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Soldiers doing police work -'unhealthy in a democracy'

Experts question plans for soldiers to be deployed in certain areas

Army personnel during a joint security operation on Monday. Photo: Jonathan Borg

Army personnel during a joint security operation on Monday. Photo: Jonathan Borg

Plans for soldiers to patrol the streets in criminal hotspots have raised concerns among experts and observers, who stressed the clear line in a democracy between the roles of the military and police forces.

Home Affairs Minister Michael Farrugia announced on Friday that armed forces personnel could be deployed in areas such as Marsa, Birżebbuġa, St Paul’s Bay and Paceville next year.

The measure comes amid longstanding safety concerns from residents in the areas and has been positioned by the government as an addition to efforts to curb illegal activity.

But Martin Scicluna, a former adviser under successive governments on police and security, said it was a “basic principle” in a democracy that the army should not be involved in day-to-day policing.

Soldiers are trained for a different role

“The army is there as a final backup to the police, but it should not be doing the job of the police,” he said. “Soldiers are trained for a different role and the police force in Malta is large enough to be able to look after an area like Marsa or Paceville.

“The solution is a redeployment of police resources from other quieter parts of Malta; it should never involve the army being in direct contact with members of the public.”

Several European countries – notably France, Italy and the UK – have put soldiers on the streets in recent years, either as a short-term reaction to an immediate threat or as an indefinite measure to heighten security.

But those cases all came in the context of serious terrorist threats and were themselves not without controversy.

In the UK, where troops were deployed extraordinarily after the Manchester bombings in May, there were even reports of the army initially resisting the idea. In France, where the deployment is longstanding, concerns have repeatedly been raised about soldiers being pulled away from their main duties of external security.

Here in Malta, the most notable army involvement in policing in recent years has been in the form of vehicle check points, which have been handed over to the police since 2010.

Deploying people who are not specifically trained in law enforcement could be inviting trouble

Speaking to the Sunday Times of Malta, one former high-ranking army officer drew a clear distinction between police and military functions, adding that while particular circumstances could call for the army’s involvement, this should generally be limited to a support and advisory role.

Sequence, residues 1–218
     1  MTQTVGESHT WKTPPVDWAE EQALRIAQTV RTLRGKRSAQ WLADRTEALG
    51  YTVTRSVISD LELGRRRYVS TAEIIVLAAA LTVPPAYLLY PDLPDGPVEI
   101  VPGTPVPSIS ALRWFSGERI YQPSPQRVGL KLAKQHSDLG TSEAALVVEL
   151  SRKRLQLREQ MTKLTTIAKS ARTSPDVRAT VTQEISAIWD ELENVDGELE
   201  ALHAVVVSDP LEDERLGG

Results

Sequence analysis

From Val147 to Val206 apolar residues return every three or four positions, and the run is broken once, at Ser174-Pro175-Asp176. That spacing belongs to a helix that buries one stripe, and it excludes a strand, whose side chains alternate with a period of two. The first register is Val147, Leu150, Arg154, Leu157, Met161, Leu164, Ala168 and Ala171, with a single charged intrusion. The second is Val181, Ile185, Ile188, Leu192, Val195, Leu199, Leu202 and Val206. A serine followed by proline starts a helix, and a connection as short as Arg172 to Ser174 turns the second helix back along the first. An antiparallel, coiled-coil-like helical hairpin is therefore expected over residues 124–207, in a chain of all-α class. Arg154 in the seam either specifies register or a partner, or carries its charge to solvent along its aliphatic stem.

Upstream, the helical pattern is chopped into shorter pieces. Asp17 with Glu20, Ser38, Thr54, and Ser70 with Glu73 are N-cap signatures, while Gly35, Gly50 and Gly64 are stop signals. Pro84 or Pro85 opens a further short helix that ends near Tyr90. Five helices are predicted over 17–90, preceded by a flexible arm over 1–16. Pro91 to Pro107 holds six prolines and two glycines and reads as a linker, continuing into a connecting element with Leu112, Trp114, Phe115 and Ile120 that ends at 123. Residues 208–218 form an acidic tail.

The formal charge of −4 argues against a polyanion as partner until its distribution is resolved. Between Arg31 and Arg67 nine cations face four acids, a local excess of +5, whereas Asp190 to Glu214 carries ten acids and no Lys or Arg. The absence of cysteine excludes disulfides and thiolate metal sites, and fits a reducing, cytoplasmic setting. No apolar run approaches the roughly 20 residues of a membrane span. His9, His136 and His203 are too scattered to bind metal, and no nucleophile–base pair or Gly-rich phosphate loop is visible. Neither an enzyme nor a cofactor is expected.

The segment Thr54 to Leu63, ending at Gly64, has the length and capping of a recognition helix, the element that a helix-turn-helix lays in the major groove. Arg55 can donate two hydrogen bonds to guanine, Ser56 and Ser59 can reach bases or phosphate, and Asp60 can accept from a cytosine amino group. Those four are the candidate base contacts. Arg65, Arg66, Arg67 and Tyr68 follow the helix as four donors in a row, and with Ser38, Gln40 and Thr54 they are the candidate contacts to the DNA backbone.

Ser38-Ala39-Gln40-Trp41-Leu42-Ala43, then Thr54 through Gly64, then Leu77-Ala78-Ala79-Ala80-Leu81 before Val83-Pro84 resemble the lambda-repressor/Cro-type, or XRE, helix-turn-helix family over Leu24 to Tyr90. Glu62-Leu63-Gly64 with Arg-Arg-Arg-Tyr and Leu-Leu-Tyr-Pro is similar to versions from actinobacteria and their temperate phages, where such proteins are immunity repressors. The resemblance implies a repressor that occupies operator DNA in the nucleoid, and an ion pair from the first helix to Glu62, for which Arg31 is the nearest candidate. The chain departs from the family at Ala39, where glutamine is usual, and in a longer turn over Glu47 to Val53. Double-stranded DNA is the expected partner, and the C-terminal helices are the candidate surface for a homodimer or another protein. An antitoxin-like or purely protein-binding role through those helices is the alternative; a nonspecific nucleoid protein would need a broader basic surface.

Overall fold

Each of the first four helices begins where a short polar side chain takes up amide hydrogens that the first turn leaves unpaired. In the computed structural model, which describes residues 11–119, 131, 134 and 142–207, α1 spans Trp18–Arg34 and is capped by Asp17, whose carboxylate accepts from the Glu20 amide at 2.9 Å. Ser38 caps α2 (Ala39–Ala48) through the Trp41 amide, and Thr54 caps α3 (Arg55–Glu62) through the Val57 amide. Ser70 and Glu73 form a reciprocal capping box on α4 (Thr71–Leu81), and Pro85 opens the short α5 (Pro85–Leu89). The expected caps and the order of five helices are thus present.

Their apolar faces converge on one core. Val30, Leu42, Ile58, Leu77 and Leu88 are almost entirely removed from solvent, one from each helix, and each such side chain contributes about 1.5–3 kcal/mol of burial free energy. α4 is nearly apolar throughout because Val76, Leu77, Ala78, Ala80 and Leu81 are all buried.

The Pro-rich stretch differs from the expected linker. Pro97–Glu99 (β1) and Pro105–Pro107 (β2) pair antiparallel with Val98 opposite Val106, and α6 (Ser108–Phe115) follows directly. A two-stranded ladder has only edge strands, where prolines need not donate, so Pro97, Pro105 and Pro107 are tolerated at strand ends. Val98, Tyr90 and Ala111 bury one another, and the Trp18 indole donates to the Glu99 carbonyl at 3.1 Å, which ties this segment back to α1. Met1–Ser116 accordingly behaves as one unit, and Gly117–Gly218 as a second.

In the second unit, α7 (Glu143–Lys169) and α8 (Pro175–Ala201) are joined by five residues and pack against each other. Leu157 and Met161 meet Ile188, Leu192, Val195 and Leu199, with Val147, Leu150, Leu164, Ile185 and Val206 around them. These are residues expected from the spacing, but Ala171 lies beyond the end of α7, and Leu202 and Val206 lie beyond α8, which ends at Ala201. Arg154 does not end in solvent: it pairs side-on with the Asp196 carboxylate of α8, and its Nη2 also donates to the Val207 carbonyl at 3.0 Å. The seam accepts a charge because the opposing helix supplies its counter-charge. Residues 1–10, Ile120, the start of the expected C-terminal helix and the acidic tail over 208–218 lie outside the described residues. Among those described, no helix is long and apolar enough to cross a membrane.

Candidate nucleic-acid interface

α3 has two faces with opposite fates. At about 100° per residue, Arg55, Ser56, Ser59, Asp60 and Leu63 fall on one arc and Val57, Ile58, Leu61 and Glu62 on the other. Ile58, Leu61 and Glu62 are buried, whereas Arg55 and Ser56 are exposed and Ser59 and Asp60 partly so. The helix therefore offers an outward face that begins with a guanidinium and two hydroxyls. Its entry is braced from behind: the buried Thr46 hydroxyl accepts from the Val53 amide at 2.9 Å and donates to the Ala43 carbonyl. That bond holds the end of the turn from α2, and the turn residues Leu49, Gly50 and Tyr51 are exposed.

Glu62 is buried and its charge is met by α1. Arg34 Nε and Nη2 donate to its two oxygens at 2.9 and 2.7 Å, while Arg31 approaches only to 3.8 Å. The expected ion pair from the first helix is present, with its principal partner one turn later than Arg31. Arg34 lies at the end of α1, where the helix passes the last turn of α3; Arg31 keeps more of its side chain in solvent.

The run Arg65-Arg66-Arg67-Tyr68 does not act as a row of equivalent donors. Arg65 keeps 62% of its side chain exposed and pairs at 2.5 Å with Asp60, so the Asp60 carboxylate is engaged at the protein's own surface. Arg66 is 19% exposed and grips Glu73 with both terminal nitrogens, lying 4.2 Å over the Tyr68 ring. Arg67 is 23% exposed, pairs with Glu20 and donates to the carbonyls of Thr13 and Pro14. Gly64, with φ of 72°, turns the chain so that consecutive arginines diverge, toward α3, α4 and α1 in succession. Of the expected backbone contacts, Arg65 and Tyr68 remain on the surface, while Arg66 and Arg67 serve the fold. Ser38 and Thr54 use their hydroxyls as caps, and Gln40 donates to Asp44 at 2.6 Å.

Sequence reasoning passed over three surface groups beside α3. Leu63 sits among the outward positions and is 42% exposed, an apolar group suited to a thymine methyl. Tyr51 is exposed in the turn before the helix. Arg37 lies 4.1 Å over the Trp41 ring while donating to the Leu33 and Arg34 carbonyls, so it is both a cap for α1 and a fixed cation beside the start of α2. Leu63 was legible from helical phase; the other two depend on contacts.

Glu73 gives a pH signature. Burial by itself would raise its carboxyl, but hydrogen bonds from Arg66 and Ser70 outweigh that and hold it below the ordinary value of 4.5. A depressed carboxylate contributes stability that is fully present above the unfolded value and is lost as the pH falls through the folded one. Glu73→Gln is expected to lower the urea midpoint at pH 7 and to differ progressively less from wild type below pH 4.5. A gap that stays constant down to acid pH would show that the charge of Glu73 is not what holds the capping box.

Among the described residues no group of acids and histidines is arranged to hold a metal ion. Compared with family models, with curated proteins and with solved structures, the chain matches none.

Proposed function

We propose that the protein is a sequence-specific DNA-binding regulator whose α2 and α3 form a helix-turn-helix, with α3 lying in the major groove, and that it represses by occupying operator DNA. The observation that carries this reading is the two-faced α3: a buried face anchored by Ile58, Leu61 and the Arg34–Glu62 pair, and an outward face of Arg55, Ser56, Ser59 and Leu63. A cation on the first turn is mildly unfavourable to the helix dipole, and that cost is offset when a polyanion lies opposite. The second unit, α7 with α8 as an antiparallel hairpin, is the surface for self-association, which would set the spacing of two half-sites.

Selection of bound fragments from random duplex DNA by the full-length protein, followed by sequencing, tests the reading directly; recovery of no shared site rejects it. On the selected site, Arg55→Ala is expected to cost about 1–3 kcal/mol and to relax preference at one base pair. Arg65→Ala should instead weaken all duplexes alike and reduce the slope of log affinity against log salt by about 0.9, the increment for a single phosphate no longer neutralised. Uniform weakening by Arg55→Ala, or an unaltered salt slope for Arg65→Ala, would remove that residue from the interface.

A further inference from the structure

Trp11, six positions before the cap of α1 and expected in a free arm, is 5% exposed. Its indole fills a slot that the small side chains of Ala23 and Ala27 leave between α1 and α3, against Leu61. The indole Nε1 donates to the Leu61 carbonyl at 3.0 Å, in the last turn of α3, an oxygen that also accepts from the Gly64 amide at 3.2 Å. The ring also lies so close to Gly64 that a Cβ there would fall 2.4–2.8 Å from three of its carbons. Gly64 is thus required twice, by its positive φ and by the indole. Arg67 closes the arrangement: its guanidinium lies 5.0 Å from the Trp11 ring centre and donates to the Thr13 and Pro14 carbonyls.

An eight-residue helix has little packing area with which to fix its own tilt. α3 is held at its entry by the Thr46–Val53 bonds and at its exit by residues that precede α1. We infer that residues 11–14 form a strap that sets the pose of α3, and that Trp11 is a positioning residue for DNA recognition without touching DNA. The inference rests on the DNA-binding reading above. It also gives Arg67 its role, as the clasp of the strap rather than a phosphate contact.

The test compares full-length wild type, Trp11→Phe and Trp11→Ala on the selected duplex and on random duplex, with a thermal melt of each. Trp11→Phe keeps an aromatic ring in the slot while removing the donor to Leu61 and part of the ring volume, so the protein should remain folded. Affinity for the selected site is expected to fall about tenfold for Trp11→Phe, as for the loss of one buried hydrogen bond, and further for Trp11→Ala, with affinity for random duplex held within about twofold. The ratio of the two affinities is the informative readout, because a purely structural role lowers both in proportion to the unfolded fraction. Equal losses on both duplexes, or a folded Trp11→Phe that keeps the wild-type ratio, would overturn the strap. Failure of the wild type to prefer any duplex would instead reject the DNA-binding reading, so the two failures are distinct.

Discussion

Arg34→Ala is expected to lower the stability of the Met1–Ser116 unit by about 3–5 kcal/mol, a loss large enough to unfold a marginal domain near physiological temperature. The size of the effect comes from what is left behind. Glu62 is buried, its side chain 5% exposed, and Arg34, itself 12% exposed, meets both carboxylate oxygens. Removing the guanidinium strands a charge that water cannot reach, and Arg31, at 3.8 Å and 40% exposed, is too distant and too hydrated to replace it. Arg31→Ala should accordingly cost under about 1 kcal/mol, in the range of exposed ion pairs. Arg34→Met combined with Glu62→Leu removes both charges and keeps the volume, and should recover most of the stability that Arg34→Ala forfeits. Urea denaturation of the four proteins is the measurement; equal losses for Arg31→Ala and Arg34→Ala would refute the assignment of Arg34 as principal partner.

A police source, meanwhile, pointed to the words of British general Sir John Hacket, who said: “To employ soldiers as police, or police as soldiers… is grossly inefficient and contains a serious threat to freedom”.

When contacted, the Home Affairs Ministry appeared to play down the plans, describing them as a “possibility” and noting that armed forces personnel would only join patrols when requested by the police.

A ministry spokeswoman said the measure was intended to “reassure good order” and would be implemented alongside plans for more police officers on the ground, CCTV surveillance and a ban on drinking alcohol in the streets.

Human rights lawyer Neil Falzon, director of the Aditus Foundation, described the measure as a “show of force” and insisted that militarising areas with high crime rates would not address the issue.

“Army personnel are not trained in the same way as police; they have a different approach to civil obedience and disobedience. Deploying people who are not specifically trained in law enforcement could be inviting trouble,” he said.

Stressing that Western democracies typically deployed their armies only as an “emergency measure”, he suggested the focus should be instead on boosting police presence while addressing the root causes of higher crime rates.

Dr Falzon also highlighted the fact that the majority of hotspots identified by the minister were home to large migrant populations.

“Beefing up security only in these areas fuels the perceptions that migrants are troublemakers, which continues to feed into the criminalisation of migrants,” he said.

With the entertainment centre of Paceville also mentioned by the government, further concerns were raised by the business community.

Philip Fenech, president of the tourism and hospitality section of the Chamber of Small and Medium Enterprises (GRTU), warned against heavy-handed measures that could send the wrong message.

“Police presence gives a sense of comfort but bringing out the army goes beyond that and may create a sense of danger,” he said.

Mr Fenech acknowledged that more security was needed in retail and entertainment areas with a “dynamic” mix of people and behaviour, but said the situation could be tackled by strengthening normal procedures like digital surveillance and police patrols.

“I think there should be more subtle ways of controlling possible criminal movements,” he said.

“I believe the army should get involved only when the situation is fully out of control, and right now that is not the case. There has to be monitoring and it has to be managed, but certainly not with army personnel on the streets. Malta hasn’t reached that point.”

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